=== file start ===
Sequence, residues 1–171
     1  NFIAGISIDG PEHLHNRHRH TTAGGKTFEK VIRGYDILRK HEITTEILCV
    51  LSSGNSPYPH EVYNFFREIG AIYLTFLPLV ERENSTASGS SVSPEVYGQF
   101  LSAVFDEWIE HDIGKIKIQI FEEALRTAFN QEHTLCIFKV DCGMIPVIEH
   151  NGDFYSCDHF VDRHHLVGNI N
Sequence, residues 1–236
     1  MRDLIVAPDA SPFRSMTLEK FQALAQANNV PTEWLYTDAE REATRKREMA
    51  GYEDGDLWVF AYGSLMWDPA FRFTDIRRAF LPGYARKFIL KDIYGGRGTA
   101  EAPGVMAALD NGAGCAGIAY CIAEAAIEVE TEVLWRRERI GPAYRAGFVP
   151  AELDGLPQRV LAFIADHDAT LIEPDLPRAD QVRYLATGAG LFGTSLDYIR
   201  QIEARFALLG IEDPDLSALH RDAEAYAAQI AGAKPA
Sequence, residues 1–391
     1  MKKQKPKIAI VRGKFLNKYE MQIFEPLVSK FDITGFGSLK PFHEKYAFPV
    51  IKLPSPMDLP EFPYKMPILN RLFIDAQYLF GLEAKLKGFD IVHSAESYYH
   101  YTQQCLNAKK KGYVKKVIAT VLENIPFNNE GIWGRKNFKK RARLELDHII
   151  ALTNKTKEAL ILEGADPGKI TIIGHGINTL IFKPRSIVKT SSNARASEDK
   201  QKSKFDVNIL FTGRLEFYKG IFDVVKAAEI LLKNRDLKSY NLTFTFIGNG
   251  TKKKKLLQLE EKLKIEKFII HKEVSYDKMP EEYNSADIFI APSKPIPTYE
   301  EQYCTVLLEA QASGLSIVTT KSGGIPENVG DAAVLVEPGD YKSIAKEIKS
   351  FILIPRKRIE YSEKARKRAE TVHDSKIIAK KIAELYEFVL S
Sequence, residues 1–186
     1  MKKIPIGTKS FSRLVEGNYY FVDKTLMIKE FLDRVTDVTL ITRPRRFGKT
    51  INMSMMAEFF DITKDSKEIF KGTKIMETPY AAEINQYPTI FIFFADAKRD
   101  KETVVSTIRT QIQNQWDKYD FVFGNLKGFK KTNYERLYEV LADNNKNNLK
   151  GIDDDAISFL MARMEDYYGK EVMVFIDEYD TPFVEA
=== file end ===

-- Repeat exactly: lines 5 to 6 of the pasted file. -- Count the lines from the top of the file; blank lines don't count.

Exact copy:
   151  NGDFYSCDHF VDRHHLVGNI N
Sequence, residues 1–236